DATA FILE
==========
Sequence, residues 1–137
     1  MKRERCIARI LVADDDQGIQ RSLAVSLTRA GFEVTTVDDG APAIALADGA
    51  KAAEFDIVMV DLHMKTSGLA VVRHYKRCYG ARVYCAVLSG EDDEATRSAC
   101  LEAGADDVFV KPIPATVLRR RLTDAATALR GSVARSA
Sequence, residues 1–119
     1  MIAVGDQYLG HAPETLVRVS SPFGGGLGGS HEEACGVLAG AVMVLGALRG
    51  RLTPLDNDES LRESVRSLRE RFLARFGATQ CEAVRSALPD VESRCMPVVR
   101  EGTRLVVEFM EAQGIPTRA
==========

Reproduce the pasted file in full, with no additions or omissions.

Sequence, residues 1–137
     1  MKRERCIARI LVADDDQGIQ RSLAVSLTRA GFEVTTVDDG APAIALADGA
    51  KAAEFDIVMV DLHMKTSGLA VVRHYKRCYG ARVYCAVLSG EDDEATRSAC
   101  LEAGADDVFV KPIPATVLRR RLTDAATALR GSVARSA
Sequence, residues 1–119
     1  MIAVGDQYLG HAPETLVRVS SPFGGGLGGS HEEACGVLAG AVMVLGALRG
    51  RLTPLDNDES LRESVRSLRE RFLARFGATQ CEAVRSALPD VESRCMPVVR
   101  EGTRLVVEFM EAQGIPTRA